President Obama is the latest in a rather long line of politicians to start calling out video games
as being something that is bad for kids and should be taken away from them, as encouragement to go outside and play:
The second step that we can all agree on is to invest more in preventive care so that we can avoid illness and disease in the first place. That starts with each of us taking more responsibility for our health and the health of our children. It means quitting smoking, going in for that mammogram or colon cancer screening. It means going for a run or hitting the gym, and raising our children to step away from the video games and spend more time playing outside.
Of course, there's been very little evidence that playing video games alone somehow leads kids to be less active or to play less outside, but it may also be worth putting this into a historical context. Tom sends in a look back at some old quotes from Scientific American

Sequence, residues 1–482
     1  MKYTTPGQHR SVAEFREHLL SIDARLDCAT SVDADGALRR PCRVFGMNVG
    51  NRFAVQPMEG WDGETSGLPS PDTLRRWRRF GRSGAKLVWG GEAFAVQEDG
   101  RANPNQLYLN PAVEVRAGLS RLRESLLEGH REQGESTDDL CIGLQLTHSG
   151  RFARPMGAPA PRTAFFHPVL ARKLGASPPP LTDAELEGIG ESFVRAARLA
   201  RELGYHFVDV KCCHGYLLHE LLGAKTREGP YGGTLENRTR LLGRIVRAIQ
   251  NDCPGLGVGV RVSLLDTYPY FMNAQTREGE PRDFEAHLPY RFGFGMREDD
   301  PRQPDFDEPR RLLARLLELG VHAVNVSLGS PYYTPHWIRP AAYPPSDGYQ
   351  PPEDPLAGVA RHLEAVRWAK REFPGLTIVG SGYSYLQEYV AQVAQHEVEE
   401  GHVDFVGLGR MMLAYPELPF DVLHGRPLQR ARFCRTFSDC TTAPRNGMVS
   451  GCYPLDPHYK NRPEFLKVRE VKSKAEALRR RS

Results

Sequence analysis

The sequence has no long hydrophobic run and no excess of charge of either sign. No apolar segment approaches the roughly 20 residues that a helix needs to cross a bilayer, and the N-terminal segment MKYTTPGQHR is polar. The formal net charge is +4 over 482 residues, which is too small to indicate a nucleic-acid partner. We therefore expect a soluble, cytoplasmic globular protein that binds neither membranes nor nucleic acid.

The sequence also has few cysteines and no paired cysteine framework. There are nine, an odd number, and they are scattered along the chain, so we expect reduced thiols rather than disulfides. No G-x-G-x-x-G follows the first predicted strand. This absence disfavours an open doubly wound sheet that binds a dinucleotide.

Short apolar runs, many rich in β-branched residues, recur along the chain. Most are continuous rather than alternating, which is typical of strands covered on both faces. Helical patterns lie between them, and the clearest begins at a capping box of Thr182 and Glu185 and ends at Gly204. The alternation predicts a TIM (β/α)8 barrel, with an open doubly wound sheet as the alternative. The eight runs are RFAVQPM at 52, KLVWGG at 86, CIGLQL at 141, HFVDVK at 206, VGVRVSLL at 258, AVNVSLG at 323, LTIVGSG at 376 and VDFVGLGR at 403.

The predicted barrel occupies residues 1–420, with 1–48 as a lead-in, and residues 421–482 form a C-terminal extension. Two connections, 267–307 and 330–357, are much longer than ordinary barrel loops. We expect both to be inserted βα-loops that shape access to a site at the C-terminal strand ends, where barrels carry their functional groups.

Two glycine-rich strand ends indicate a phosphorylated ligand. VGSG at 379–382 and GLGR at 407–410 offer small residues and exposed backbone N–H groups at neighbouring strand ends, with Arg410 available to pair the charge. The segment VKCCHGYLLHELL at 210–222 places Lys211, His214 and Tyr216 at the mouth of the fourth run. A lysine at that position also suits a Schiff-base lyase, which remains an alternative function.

, where the last one on the page, written in July of 1859 -- yes 150 years ago -- sounds quite similar to Obama's comments on video games, but is in reference to that pernicious child-obesity-causing monstrosity we call "chess":
"A pernicious excitement to learn and play chess has spread all over the country, and numerous clubs for practicing this game have been formed in cities and villages. Why should we regret this? It may be asked. We answer, chess is a mere amusement of a very inferior character, which robs the mind of valuable time that might be devoted to nobler acquirements, while it affords no benefit whatever to the body. Chess has acquired a high reputation as being a means to discipline the mind, but persons engaged in sedentary occupations should never practice this cheerless game; they require out-door exercises--not this sort of mental gladiatorship."
You heard them! No more chess playing, you kids!